A few days ago, it seemed very likely that the state of Kentucky was on its way to legalizing medical marijuana. But after testimony from the state's law enforcement community, that effort appears to be dead.
Kentucky politicians on Wednesday voted to shelve a bill that would've legalized medical marijuana in the state. The decision came after a series of law enforcement officials testified at a legislative panel arguing against it. This came only one day after pro-medical marijuana supporters outlined how the state would handle the process.
Of course, the law enforcement officials used a series of anti-marijuana arguments that are almost entirely false. One sheriff said the decision would lead to more young people using the drug, even though everyone who would buy medical marijuana would need a prescription. Others warned the decision would "send the wrong message" that marijuana is a good thing. One official even questioned why the bill would allow patients to grow up to 12 cannabis plants at their own home, which he said would yield 12 pounds of marijuana.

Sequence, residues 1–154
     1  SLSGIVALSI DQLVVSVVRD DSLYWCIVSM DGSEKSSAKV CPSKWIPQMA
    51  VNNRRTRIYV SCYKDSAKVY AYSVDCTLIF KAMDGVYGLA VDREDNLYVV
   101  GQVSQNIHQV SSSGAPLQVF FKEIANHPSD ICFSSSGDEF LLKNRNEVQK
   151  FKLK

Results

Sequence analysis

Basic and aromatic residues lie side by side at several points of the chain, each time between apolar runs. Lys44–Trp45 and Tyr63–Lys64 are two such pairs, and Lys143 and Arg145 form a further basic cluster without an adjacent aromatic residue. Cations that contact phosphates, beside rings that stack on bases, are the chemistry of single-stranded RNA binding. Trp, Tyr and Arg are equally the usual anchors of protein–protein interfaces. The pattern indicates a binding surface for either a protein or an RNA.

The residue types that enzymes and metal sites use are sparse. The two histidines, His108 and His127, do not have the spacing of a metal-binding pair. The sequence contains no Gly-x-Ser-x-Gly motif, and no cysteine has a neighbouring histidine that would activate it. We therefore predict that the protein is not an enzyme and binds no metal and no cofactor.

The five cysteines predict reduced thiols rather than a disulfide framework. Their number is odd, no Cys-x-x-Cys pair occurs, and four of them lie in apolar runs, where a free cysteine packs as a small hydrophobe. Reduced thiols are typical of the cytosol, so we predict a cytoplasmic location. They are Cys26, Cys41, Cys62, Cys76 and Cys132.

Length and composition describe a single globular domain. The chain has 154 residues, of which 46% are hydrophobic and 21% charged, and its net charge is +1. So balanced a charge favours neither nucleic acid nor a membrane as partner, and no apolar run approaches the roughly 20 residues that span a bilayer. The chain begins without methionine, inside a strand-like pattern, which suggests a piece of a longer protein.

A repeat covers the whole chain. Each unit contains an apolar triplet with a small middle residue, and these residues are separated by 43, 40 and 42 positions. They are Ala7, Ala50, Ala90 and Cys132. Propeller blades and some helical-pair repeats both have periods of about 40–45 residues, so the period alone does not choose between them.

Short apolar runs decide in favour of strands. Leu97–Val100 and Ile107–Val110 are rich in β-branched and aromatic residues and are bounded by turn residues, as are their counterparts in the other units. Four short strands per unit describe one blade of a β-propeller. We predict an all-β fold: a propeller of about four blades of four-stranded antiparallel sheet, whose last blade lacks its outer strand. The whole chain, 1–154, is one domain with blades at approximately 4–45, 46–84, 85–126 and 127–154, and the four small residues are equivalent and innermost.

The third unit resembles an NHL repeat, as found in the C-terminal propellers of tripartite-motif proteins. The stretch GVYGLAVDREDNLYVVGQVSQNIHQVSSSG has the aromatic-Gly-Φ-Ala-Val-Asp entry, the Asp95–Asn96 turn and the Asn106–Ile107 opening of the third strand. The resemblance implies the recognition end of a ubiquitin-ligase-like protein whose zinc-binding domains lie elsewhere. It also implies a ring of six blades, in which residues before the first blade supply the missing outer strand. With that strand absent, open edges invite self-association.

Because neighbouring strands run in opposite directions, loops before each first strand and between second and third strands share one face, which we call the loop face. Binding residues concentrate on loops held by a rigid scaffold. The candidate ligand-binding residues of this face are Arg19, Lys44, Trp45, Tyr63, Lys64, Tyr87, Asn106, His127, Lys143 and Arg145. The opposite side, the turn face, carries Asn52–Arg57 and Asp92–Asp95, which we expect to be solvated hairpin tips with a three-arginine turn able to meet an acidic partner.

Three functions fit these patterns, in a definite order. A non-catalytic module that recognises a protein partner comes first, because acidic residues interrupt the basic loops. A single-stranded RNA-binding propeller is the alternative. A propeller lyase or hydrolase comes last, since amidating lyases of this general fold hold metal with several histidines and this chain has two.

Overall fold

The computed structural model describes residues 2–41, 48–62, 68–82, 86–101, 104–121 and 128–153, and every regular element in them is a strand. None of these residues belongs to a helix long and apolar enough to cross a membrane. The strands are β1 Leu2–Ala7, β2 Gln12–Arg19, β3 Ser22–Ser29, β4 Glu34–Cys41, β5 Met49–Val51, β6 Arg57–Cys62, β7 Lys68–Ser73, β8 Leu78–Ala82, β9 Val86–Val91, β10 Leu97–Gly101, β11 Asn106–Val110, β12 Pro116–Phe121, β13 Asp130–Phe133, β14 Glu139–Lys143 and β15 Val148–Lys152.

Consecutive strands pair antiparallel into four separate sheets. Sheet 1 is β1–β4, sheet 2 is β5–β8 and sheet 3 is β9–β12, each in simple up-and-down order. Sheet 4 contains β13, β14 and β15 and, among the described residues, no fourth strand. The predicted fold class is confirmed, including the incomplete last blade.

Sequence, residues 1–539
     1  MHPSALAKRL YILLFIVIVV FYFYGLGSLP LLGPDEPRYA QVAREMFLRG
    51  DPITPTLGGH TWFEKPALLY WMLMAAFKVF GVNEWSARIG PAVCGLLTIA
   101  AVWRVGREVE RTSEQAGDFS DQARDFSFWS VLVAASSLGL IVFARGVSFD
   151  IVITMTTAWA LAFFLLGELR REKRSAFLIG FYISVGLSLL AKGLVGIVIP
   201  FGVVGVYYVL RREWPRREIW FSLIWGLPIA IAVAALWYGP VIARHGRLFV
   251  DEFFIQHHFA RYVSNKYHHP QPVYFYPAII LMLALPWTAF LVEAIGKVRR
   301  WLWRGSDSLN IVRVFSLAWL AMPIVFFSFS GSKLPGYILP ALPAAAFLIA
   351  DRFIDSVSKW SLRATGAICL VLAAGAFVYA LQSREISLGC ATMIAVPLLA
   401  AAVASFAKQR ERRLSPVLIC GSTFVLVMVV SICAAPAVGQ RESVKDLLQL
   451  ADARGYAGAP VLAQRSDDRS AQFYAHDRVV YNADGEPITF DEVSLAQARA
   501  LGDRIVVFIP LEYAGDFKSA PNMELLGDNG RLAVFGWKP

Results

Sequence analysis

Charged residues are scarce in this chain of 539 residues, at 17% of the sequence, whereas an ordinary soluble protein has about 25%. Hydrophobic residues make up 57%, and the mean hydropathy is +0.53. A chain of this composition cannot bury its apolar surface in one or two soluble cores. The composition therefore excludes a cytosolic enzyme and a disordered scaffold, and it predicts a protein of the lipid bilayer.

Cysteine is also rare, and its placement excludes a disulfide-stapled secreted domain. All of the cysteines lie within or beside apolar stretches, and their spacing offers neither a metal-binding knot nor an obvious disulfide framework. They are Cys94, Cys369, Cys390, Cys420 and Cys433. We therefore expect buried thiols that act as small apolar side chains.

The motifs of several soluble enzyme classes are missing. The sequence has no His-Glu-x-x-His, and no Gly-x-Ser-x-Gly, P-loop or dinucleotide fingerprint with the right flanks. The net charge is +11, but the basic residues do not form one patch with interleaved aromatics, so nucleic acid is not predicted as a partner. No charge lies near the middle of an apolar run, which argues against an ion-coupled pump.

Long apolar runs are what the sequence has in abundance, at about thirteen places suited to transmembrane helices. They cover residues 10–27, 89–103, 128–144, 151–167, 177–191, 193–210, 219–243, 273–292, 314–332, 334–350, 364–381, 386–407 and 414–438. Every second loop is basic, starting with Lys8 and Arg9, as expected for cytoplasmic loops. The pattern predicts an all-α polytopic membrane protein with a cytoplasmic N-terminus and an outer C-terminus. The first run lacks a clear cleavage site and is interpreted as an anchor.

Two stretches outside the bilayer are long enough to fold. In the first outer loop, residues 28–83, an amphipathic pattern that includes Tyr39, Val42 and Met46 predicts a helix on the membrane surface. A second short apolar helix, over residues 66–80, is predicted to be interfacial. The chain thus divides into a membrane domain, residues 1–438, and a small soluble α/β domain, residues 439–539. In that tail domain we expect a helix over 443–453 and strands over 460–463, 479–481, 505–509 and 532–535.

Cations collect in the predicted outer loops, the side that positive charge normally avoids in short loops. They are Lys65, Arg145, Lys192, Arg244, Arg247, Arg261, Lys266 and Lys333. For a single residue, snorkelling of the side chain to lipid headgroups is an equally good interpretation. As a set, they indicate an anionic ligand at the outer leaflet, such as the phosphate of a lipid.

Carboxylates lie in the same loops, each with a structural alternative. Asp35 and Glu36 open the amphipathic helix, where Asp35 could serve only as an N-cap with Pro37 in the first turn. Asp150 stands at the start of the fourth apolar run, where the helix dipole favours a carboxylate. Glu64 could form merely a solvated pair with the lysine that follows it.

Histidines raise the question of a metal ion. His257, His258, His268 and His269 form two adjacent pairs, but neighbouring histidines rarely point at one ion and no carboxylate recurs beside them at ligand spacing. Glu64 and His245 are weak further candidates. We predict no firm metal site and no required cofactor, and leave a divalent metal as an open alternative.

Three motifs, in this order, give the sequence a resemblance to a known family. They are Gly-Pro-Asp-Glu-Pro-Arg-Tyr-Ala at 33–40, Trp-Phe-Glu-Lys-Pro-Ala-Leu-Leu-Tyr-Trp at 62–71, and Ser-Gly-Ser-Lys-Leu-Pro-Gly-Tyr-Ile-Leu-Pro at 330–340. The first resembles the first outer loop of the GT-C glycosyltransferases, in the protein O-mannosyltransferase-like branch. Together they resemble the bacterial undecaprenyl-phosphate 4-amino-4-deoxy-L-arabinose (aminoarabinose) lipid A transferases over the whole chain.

“I just can’t imagine what disability you’d need 12 pounds of marijuana,” he said.
Clearly he doesn't understand that not all plants would have the same grow cycle, but I digress.
After the testimony from law enforcement, Kentucky legislators decided to shelve the bill. Even supposedly pro-medical marijuana representatives said they couldn't support the bill. Republican representative Jason Nemes had previously stated, “Who the heck do we think we are as a government to keep this away from people if it helps them." But then said he couldn't support the bill in its current form, although he didn't elaborate on why.
Once again, anti-marijuana lies and mistruths kill another legitimate effort to help people with medicinal cannabis.